The spiral coil tube 20 provides a structural support for the refractory portions 24 and 26 to render them structurally stable. Also, the temperatures surrounding the tube can be kept below a value that will cause potential damage. Further, in situations in which corrosive specie, such as H2 CO3, H2 SO3, H2 SO4, etc., are present in the gases introduced into the chamber 21, the temperature of the spiral tube 20 can be kept at a temperature above the dewpoint of these specie to eliminate any corrosion.
The embodiment of FIG. 4 is similar to that of FIGS. 1-3, and identical components will be given the same reference numbers.
According to the embodiment of FIG. 4, an additional spiral coil tube, shown in general by the reference numeral 30 is sandwiched between the liner 12 and the metallic shell 10, and has a continuous fin 32 attached thereto and extending for the length of the tube.
As shown in FIG. 5, a plurality of anchors 34 extend from the interior side of the fin 32 into the refractory material of the liner 12 to anchor the latter in place.
The spiral coil portion of the tube 30 is shaped to conform to the shape of the shell 10 and includes a conically shaped lower end portion. The upper portion of the spiral coil extends horizontally as shown in FIG. 4, with the adjacent sections of the coil being connected by the fin 32.
The lower and upper end portions 30a and 30b of the tube 30 extend externally of the shell 10 as shown and are adapted to be connected to a pump or the like, for circulating a cooling fluid through the tube as in the previous embodiment. Since the tube assembly 18 of the shell of FIG. 4 is formed and cooled in a manner identical to that of the previous embodiment, the entire vessel may be utilized in a very high temperature environment.
It is understood that the shell of the present invention is not limited to cyclone separators as discussed in connection with the above two exemplary embodiments. For example, and referring to FIG. 6, the vessel can be a process vessel having an outer metallic shell 40, an inner refractory lining 42 and spiral coil tube 44 sandwiched therebetween. The shell 40, the lining 42 and the tube 44 each have a necked-down portion in the upper and lower portions of the shell to define an open inlet 46 at the lower end portion of the shell and an outlet 48 at the upper end portion of the shell, and a conical portion 50 extending between the lower necked-down portion and the cylindrical wall portion.
The tube 44 extends in a spiral coil configuration from the lower inlet end portion to the upper outlet end portion of the shell 40 and has two end portions 44a and 44b extending out of the plane of the shell and functioning as an inlet and outlet, respectively for a cooling fluid as in the previous embodiment.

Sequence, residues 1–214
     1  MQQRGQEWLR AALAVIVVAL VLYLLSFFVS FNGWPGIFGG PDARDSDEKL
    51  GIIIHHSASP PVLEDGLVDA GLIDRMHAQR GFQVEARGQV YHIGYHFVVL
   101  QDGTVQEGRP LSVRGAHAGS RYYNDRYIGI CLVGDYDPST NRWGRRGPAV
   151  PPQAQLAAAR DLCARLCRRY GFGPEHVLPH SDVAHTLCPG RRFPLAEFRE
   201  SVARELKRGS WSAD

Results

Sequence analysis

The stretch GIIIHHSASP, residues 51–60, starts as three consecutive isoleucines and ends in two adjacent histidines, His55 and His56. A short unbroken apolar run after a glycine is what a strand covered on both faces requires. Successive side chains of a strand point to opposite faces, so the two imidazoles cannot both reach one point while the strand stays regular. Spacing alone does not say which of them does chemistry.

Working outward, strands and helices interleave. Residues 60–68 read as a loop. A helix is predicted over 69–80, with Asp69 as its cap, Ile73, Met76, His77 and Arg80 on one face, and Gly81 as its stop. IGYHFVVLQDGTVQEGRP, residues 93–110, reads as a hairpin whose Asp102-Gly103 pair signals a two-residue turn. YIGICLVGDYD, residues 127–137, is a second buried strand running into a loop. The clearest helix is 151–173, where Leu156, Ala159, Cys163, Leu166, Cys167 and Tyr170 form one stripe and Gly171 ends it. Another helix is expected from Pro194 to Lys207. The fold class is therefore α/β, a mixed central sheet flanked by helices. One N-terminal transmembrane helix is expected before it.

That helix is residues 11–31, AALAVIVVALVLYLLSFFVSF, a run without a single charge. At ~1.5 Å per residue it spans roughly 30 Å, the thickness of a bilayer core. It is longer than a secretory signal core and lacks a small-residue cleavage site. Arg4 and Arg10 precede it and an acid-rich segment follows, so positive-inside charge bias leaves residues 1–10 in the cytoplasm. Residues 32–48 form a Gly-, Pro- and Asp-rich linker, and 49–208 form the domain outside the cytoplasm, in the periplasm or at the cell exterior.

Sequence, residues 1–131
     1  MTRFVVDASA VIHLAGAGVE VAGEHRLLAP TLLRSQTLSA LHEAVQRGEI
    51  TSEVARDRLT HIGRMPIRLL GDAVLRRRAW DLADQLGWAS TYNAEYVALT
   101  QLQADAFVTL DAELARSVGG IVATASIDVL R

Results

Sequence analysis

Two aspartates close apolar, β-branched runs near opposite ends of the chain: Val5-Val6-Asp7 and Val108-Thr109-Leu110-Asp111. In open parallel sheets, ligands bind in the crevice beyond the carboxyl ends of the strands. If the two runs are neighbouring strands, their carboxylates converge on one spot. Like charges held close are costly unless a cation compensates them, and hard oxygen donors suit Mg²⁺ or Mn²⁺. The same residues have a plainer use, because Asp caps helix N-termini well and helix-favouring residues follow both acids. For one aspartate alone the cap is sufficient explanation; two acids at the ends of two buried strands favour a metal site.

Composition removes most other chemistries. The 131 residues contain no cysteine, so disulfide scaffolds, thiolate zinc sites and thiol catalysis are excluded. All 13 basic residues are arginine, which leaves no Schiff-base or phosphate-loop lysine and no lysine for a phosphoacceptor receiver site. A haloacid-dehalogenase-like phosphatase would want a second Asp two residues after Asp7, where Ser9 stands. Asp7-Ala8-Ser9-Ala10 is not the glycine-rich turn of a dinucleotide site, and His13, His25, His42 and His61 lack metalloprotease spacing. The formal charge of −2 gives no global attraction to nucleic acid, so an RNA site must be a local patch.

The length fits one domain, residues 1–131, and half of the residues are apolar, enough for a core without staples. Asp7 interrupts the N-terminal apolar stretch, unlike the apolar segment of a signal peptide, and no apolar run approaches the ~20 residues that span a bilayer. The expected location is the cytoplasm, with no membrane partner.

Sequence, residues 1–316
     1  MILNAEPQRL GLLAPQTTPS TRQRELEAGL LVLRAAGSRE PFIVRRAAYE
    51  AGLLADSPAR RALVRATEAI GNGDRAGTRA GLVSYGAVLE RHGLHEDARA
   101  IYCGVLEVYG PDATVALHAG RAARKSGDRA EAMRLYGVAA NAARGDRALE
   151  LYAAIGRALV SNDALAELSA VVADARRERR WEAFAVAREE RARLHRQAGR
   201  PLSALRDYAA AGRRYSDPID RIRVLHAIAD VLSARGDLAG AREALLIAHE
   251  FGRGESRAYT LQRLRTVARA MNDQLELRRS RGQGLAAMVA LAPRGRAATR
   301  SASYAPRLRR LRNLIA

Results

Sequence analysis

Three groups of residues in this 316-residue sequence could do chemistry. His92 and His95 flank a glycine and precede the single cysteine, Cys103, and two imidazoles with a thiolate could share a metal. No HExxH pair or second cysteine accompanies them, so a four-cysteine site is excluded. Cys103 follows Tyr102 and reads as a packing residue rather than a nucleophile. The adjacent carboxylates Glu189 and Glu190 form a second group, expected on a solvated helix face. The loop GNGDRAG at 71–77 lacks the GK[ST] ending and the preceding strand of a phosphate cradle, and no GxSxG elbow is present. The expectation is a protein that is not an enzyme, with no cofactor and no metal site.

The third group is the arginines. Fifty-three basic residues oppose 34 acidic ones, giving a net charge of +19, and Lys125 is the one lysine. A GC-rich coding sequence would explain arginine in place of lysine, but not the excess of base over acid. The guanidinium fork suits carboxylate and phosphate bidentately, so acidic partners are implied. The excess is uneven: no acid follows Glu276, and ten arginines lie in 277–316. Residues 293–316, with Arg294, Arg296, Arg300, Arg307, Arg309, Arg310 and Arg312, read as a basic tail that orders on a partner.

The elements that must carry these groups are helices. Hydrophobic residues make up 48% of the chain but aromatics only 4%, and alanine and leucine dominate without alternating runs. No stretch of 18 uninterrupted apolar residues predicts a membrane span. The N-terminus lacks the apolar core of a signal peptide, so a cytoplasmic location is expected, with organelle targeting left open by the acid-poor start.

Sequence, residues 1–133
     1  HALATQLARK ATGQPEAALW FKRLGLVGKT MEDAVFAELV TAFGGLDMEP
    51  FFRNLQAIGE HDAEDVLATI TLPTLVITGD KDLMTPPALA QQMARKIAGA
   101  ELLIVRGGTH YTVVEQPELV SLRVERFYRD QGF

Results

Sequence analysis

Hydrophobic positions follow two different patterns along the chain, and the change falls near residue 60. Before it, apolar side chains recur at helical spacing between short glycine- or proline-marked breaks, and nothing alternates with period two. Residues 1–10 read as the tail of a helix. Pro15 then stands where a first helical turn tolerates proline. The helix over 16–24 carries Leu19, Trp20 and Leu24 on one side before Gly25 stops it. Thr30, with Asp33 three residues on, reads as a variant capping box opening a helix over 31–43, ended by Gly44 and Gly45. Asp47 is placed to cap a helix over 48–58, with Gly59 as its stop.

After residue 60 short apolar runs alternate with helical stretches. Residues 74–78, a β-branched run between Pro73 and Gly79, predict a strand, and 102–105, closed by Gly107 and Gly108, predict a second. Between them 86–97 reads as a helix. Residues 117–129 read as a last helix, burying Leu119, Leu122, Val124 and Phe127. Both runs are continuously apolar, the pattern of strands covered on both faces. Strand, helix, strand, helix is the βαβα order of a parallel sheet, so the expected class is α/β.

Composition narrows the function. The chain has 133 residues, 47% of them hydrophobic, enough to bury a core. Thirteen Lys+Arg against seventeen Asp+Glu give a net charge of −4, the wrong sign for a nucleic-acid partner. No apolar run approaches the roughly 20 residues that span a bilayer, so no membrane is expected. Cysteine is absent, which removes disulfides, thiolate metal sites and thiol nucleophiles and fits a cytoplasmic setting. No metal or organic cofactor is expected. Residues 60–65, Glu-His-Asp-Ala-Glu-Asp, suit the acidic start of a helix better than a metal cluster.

A continuous fin 52 is connected to the tube 44 and extends between adjacent tube sections for the entire length of the shell to render the shell gas-tight.
Though not clear from the drawing, it is understood that anchors similar to those disclosed in the previous embodiments can be utilized to anchor the refractory lining 42 relative to the spiral coil tube 44.
A cooling fluid, upon being introduced into the inlet portion 44a of the tube 44 travels the entire distance of the shell before discharging through the outlet end tube portion 44b to maintain the vessel at a lower temperature than otherwise would be possible.
The material to be processed, whether in a solid, liquid or gaseous form, is introduced into the shell inlet 46 where it passes upwardly into the shell where the desired reaction is completed, with the reacted material then discharging from the outlet 48.
It is understood that in each of the previous embodiments, the particular location of the inlet and outlet of the water tubes can be varied within the scope of the invention. For example, both the inlet and outlet end portions of the water tube can be located at the upper portion of the shell as shown by the reference numerals 44c and 44d, respectively, in FIG. 6. In this configuration the water would flow downwardly through alternating sections of the spiral coil tube and then upwardly through other alternating sections before discharging from the outlet end portion 44d. It is understood that this circuit can also be incorporated in any of the previous embodiments.
In each of the embodiments of the present invention, a shell is provided with or without a discharge tube, that is stable from a structural standpoint, yet is immune to corrosion and can withstand relative high temperatures.
A latitude of modification, change and substitution is intended in the foregoing disclosure and in some instances some features of the invention will be employed without a corresponding use of other features. Accordingly, it is appropriate that the appended claims be construed broadly and in a manner consistent with the spirit and scope of the invention therein.